David Livingston
Guest
11 years 7 months ago
The industry doesn’t need to do anything to bring more women to the executive ranks. Women can do that on their own. I generally hire only women for my support staff, all outside, self-employed contractors such as my attorney, financial advisor, CPA, and IT analyst. They all do a great job and for the most part, will do it for less money than their male counterparts. Self employment is the great equalizer. You are simply paid by how hard you work. There are no gender bonuses. The corporate world should be the same. Smart women have learned to work the system and make the system work for them. Women are still considered sex objects while men are considered success objects. Men often try harder in the business world, mostly as a way of showing off for the benefit of women, like a teen boy showing off in front of a group of school girls. Women are simply learning to beat the system rather than asking men not to try so hard so they can catch… Read more »
Mel Kleiman
Guest
11 years 7 months ago

The polling question was short one choice today. “There is no glass ceiling. (That is the one that would have gotten my vote.

Let’s look at this from a different perspective. Maybe the majority of women have figured out this is not a place where they want to have a long-term career.

Most smart women who are looking for a leadership career are making rational decisions on where they want to spend their time and effort and a lot of retailers–just as a lot of other segments of the marketplace–are coming up as not appealing.

If you’re very smart, very mature, daughter came home tomorrow and said of all the industries I should be looking at to have a career which ones would make the short list of all of the possibilities out there? Let us assume for a moment you were not a high-level retail executive.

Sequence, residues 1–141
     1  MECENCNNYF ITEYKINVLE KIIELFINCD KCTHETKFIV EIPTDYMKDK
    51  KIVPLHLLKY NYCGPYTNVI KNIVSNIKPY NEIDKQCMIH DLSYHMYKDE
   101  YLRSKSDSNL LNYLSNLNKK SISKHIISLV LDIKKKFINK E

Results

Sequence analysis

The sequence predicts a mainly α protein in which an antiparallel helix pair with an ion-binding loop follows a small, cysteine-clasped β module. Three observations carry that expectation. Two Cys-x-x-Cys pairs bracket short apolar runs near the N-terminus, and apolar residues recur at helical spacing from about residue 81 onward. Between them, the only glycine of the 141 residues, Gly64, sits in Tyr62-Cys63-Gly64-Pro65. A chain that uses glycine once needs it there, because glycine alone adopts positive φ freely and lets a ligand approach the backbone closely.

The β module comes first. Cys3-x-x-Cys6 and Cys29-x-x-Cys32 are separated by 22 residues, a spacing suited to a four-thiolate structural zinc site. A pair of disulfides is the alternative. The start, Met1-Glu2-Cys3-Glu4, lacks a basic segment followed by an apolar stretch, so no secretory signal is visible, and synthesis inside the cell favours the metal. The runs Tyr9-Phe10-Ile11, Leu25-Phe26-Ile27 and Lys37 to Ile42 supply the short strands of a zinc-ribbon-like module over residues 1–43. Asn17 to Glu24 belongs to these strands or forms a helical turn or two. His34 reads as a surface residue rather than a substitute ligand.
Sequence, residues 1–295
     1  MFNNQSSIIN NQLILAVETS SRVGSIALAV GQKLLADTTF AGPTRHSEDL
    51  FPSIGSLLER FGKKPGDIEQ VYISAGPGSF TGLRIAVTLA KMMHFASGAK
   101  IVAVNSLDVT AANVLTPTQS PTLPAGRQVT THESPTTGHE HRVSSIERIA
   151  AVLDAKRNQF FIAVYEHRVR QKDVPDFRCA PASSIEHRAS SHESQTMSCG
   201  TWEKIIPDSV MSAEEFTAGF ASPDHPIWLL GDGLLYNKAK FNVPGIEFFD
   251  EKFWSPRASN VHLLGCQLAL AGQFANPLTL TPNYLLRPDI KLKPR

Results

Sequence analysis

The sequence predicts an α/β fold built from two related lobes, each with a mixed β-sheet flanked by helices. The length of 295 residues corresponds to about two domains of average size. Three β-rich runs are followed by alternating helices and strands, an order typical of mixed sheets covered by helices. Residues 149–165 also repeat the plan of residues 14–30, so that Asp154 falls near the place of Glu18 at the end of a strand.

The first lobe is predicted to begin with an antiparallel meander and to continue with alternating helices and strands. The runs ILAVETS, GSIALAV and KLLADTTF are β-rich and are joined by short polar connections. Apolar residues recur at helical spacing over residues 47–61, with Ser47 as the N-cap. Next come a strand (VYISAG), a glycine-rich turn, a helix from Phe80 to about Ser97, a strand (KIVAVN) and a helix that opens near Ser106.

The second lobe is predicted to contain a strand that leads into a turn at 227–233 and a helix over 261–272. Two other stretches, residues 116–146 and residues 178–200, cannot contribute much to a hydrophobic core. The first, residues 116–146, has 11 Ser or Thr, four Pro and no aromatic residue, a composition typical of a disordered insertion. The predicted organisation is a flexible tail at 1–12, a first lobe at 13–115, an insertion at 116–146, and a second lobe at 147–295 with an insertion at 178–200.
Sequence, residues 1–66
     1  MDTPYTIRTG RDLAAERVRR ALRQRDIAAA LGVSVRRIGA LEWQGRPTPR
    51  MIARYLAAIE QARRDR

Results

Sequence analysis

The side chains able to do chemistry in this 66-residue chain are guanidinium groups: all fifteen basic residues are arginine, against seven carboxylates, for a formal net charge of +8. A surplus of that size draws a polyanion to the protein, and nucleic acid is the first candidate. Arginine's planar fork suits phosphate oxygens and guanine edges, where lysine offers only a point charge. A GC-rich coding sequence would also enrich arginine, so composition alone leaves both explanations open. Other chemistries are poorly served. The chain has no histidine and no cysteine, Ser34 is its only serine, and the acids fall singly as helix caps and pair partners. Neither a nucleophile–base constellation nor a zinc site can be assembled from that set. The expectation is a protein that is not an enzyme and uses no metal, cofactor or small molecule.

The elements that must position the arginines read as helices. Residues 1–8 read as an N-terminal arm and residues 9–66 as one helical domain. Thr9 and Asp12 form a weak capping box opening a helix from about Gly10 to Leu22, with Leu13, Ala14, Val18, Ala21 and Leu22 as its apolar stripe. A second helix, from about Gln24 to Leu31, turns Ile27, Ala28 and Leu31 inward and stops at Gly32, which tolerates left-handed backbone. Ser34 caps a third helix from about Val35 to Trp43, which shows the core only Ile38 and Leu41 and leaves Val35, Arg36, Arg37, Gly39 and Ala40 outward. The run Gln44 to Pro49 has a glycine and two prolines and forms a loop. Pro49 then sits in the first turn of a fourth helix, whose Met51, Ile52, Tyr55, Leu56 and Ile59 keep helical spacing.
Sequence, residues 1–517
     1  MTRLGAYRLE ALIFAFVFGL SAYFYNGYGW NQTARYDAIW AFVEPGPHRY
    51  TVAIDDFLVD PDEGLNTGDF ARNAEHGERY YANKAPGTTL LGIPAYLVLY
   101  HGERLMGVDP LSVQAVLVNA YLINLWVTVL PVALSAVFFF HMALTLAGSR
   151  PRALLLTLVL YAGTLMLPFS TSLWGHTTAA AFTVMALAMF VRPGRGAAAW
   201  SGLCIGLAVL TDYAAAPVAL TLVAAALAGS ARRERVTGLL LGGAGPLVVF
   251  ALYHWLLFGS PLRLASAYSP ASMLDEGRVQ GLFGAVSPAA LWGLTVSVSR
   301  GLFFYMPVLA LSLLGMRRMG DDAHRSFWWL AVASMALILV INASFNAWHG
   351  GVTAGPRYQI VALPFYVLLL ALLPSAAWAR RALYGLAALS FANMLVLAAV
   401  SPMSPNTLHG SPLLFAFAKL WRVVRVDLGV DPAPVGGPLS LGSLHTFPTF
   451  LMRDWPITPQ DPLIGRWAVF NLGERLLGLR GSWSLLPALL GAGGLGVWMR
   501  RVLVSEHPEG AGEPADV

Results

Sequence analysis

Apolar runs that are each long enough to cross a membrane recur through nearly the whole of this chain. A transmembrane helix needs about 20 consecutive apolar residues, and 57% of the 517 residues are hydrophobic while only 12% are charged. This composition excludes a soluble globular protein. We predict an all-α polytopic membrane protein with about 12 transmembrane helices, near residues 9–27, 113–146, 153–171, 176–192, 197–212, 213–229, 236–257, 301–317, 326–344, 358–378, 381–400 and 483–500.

I wonder what your advice would be if you were even the owner or founder of a small retail store or maybe even a couple of stores.

Mark Burr
Guest
11 years 7 months ago
My best advice to a woman or man on seeking retail management positions is aspire to the position. I do not believe there to be a ceiling or limitation to anyone other than their performance and their abilities. I do often wonder, though however, if in measuring things like this if its done fairly. Not to be controversial at all. But is the measurement done by simply counting men versus women in positions of leadership? Or, more difficult to measure, the number of men or women aspiring and being denied by gender. The question should not be interpeted as a slant or point of view. I still question the number of women aspiring to these levels versus the number of men. Is that totally equal? I think not, but I sure would like to know that. It would be a tough number to find and measure with accuracy, but I think its a better question. Retail, if a close look was taken, is likely a great place for women or anyone to become successful that… Read more »
Carol Spieckerman
Guest
11 years 7 months ago
For too long, women have taken an “every-woman-for-herself” approach to advancing in retail and that’s why I’m encouraged by the growing number of women’s groups that are forming within retail organizations. Julie Gilbert, formerly of Best Buy, is a great example. She launched Best Buy’s WOLF pack (Women’s Leadership Forum) program under the premise that Best Buy would not do a good job serving female shoppers if females weren’t more empowered within Best Buy’s ranks. I have been disappointed at times by out-of-enterprise women’s retail groups that focus on delivering work/life balance and career advice programming to the exclusion of more hard-hitting, retail-specific topics. One woman quipped to me at a recent event “I already know how imbalanced I am and that’s why I have a house husband.” If a female retail executive is speaking at an event, I want to hear about the initiatives that she is driving and how her career trajectory ties in with the larger organization’s goals. My business partner and I are launching a women’s retail think tank next month… Read more »